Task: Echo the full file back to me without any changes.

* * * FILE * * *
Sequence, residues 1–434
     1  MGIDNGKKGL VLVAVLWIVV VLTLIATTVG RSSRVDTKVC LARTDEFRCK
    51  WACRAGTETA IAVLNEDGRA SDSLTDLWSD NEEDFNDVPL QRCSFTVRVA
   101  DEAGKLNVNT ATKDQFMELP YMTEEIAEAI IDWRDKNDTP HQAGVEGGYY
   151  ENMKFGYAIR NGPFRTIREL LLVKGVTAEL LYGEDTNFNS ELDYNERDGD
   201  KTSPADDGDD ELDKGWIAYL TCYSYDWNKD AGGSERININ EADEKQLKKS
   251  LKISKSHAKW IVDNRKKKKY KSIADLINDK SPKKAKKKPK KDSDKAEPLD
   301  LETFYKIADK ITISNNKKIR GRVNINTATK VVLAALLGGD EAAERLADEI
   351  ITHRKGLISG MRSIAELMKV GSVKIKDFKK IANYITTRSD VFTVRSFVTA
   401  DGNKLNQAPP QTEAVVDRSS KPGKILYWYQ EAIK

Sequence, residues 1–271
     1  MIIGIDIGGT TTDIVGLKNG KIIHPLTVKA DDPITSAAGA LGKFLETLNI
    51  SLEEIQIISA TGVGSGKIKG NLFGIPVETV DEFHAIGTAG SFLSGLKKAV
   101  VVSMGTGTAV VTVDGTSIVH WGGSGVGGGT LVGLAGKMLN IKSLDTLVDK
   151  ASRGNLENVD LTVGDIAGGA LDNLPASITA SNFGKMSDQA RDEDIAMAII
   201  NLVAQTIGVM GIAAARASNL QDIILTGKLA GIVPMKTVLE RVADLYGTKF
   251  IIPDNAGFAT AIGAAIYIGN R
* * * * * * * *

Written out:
Sequence, residues 1–434
     1  MGIDNGKKGL VLVAVLWIVV VLTLIATTVG RSSRVDTKVC LARTDEFRCK
    51  WACRAGTETA IAVLNEDGRA SDSLTDLWSD NEEDFNDVPL QRCSFTVRVA
   101  DEAGKLNVNT ATKDQFMELP YMTEEIAEAI IDWRDKNDTP HQAGVEGGYY
   151  ENMKFGYAIR NGPFRTIREL LLVKGVTAEL LYGEDTNFNS ELDYNERDGD
   201  KTSPADDGDD ELDKGWIAYL TCYSYDWNKD AGGSERININ EADEKQLKKS
   251  LKISKSHAKW IVDNRKKKKY KSIADLINDK SPKKAKKKPK KDSDKAEPLD
   301  LETFYKIADK ITISNNKKIR GRVNINTATK VVLAALLGGD EAAERLADEI
   351  ITHRKGLISG MRSIAELMKV GSVKIKDFKK IANYITTRSD VFTVRSFVTA
   401  DGNKLNQAPP QTEAVVDRSS KPGKILYWYQ EAIK

Sequence, residues 1–271
     1  MIIGIDIGGT TTDIVGLKNG KIIHPLTVKA DDPITSAAGA LGKFLETLNI
    51  SLEEIQIISA TGVGSGKIKG NLFGIPVETV DEFHAIGTAG SFLSGLKKAV
   101  VVSMGTGTAV VTVDGTSIVH WGGSGVGGGT LVGLAGKMLN IKSLDTLVDK
   151  ASRGNLENVD LTVGDIAGGA LDNLPASITA SNFGKMSDQA RDEDIAMAII
   201  NLVAQTIGVM GIAAARASNL QDIILTGKLA GIVPMKTVLE RVADLYGTKF
   251  IIPDNAGFAT AIGAAIYIGN R